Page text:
It has always bemused me that ‘The Gift’ is an album not universally highly thought of by many followers of the old school Jam Army, of which there is still a considerable number as we all know.
I remember the distinctly mixed reviews upon its release. Well, that might have been the case elsewhere, but it wasn’t in SE5. I really rated it at the time and still do. Admittedly it may not be the best album that they released, with ‘All Mod Cons’ winning that poll I guess, but it was, in my eyes anyway, a definite move forward and one that promised so much more to come.
I first heard it downstairs at the old HMV store on Oxford Street; I’m guessing this would have been the week it came out in March 1982. It was playing on the shop PA and I clearly remember I was nodding along to many of the tracks that were then new to my ears. I purchased it immediately and it was served it up in a candy stripe paper bag, which I’ve still got.
Over the years I have listened to many times and I still think a lot of it stands up very nicely and I also think it shows the next moves that were going on in Paul Weller’s mind at the time. Obviously, that statement is now stating the bleeding obvious, but at the time I didn’t know that this would be the sixth and final studio album by the band and that he Paul, would be soon looking for pastures new.
The different melodies on offer, recorded under the guiding hand of Pete Wilson, encompassed funk, Northern, and even a bit of jazz and I was happy to go with it wholesale. I guess that is what a lot of the aforementioned Jam Army’– many of whom are still struggling into the ever shrinking parka – had trouble with.
Some of it is just a bit too ‘interesting’ for them.
Anyway, I’m diving in. Care to join me?
The title of this blog greets you on the first track ‘Happy Together’ and it fair rattles along. The superb drumming and bass work from Rick Buckler and Bruce Foxton respectively fire this love song along. Bruce even gives it the ‘Beatles era McCartney bass wobble’ a couple of times. The lyrical content contains some very nice lines such as ‘Thought that I was a devil? But I’m an angel waiting for my wings.’ Lines like that left your correspondent wondering just how do you write stuff like that?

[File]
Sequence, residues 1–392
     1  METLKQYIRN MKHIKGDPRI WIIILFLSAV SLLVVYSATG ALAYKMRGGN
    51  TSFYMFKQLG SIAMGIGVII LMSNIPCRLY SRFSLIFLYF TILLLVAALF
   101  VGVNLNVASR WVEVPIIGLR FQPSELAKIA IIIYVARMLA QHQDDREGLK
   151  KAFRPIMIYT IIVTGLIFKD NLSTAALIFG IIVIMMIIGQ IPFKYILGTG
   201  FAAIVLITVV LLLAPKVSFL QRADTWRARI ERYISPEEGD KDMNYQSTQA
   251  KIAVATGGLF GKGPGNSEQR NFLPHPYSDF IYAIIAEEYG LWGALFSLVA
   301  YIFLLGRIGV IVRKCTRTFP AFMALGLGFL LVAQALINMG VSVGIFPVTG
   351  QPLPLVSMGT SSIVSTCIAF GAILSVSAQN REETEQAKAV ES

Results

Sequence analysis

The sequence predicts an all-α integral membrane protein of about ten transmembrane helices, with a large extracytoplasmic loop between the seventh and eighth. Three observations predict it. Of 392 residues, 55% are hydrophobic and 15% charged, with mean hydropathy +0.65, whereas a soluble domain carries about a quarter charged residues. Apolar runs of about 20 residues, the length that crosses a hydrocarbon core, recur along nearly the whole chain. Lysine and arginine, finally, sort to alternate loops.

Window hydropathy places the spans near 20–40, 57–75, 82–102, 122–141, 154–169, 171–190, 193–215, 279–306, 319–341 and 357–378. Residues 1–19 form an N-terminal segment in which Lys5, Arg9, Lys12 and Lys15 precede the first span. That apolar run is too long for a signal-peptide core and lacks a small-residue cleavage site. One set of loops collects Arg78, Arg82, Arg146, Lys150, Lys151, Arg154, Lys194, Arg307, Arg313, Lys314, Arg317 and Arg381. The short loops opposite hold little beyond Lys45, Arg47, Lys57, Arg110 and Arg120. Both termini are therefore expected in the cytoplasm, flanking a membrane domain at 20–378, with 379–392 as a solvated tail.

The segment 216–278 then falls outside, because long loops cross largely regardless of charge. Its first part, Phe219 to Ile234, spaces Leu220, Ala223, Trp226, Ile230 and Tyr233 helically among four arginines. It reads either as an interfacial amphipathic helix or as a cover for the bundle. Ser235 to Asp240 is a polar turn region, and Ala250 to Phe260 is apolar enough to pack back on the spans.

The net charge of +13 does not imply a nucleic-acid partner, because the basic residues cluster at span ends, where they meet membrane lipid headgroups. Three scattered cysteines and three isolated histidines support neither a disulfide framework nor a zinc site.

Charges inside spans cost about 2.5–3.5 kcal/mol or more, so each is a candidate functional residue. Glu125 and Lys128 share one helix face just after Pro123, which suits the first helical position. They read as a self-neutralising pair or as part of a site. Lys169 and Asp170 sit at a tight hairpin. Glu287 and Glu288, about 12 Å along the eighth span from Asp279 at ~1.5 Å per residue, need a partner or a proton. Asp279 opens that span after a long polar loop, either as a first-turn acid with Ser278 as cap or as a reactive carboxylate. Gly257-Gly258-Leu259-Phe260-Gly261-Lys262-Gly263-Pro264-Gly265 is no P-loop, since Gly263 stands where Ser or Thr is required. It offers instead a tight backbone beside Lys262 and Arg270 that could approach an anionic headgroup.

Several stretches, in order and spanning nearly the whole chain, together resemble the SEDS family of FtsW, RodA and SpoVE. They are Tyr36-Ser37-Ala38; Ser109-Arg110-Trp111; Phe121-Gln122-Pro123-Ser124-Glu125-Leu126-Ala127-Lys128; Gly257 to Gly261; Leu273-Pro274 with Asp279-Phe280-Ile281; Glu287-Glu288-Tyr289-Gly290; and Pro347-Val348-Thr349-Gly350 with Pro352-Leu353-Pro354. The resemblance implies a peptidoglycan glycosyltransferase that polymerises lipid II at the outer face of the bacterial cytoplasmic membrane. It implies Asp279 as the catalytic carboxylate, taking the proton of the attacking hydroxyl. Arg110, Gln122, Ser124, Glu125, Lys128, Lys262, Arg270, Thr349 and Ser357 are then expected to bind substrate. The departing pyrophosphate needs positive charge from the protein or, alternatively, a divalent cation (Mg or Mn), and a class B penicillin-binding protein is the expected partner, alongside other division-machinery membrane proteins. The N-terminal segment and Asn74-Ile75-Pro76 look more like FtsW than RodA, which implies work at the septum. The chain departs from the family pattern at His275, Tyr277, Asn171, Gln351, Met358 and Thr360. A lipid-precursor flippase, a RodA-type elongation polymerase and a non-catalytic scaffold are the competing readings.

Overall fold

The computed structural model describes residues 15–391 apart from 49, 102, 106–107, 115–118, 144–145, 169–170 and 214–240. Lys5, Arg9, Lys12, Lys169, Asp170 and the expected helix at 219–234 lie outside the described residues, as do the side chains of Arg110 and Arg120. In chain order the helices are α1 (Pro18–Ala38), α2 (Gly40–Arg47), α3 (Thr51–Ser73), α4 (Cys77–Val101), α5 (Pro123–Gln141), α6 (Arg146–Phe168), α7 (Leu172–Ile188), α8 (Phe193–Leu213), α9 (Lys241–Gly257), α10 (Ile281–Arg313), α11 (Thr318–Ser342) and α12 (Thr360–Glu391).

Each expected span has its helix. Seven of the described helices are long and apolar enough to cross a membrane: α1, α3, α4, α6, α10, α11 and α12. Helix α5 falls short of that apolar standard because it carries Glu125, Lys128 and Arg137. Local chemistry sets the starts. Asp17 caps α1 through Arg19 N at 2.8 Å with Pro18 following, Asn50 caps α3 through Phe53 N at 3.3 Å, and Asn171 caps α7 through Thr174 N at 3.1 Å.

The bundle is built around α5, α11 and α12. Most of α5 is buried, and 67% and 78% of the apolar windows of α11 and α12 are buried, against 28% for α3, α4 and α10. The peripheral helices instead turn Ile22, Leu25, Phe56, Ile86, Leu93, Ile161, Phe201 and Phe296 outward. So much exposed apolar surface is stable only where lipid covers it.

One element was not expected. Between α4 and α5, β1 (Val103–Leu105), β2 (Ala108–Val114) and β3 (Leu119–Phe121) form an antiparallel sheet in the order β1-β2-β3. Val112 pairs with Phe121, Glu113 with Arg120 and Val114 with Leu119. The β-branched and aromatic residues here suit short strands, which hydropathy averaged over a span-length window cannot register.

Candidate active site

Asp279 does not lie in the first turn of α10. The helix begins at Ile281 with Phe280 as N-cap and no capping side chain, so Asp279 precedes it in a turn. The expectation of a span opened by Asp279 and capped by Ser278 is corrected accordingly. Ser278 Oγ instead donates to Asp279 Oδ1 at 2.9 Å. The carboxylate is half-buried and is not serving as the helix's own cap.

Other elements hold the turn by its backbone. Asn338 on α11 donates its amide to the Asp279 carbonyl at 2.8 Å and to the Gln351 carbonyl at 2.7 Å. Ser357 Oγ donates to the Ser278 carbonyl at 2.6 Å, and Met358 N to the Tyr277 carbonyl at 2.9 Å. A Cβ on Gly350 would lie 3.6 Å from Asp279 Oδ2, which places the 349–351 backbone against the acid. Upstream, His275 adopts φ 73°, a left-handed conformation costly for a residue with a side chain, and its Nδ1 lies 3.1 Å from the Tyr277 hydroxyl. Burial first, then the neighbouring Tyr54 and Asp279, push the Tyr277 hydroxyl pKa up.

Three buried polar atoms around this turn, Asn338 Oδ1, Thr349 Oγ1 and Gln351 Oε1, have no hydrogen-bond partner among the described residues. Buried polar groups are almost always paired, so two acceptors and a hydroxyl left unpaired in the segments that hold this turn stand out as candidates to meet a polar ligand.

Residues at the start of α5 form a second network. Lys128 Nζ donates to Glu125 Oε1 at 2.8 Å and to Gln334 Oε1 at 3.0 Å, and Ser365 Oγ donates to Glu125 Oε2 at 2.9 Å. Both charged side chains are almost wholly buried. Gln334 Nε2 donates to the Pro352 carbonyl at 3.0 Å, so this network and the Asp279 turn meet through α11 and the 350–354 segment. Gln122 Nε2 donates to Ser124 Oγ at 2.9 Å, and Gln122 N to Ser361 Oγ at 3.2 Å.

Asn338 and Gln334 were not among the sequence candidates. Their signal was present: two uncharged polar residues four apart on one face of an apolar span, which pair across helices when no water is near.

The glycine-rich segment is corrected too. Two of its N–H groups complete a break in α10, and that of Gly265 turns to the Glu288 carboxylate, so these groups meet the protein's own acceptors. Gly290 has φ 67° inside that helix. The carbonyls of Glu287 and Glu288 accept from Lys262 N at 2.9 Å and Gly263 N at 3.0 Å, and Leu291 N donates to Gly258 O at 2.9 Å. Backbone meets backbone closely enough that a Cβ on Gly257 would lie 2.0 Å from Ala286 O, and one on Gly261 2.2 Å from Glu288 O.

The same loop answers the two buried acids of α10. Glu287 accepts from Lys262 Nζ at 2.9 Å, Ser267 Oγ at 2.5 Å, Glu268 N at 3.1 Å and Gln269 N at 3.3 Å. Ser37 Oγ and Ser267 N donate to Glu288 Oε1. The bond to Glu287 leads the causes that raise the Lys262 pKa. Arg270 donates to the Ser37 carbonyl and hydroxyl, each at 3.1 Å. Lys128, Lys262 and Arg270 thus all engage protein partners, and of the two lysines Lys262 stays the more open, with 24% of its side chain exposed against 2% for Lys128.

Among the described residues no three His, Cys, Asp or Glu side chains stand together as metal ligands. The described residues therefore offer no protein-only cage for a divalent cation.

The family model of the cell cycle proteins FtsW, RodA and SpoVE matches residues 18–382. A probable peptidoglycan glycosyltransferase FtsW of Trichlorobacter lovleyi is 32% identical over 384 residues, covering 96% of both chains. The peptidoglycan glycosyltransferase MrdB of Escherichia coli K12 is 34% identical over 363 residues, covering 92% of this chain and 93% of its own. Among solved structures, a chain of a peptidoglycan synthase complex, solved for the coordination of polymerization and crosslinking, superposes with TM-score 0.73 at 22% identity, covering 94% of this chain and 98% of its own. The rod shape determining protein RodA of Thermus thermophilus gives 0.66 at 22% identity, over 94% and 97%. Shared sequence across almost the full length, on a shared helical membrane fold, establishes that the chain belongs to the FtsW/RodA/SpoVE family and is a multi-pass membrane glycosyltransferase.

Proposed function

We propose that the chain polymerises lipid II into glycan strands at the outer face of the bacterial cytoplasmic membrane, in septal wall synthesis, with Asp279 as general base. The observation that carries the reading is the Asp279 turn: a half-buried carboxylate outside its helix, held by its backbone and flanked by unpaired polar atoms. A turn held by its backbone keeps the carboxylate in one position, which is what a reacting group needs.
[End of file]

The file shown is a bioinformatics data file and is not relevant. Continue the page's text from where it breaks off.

A slower pace kicks off ‘Ghosts’ with Buckler holding time with rim shots as we slowly shuffle through this 2 minute 11 second song. Brass stabs from Keith Thomas and Steve Nichol hit the spot as Weller delivers the lines urging the listener to not accept the fate that might seem mapped out for them, but to instead grab life and make YOUR life what YOU want.
Maybe just maybe, he was even talking to himself with the end of The Jam in his mind?
‘Your precious love, I need so mmmuuuucccchhhh’ Things get funky next with ‘Precious’, which was a standout track upon the first hearing and it, remains so to this day. The choppy guitars, thumping bass and persistent brass lines have even been known to get this old plum up on the dance floor and that is a rare as hens teeth nowadays. Altogether now ‘Huh!’
The lyrics next up on ‘Just Who is the Five O’clock Hero’ conjure up a sort of ‘play for today’ in my mind as Weller succinctly describes the hum drum daily grind that many listening would have known all too well. Excellent pots and pans work from Rick Buckler on this I thought, as lyric after lyric hits the spot, like a machine gun firing relentlessly at you. Marvellous work.
‘Alright then love I’ll be off now…
We all learnt later that ‘So is the Sun’ by World Column provides the backbone for the right old stomper that is ‘Trans Global Express.’
Hands up who had a clue what Weller was singing about until they read the sleeve notes? No, me neither.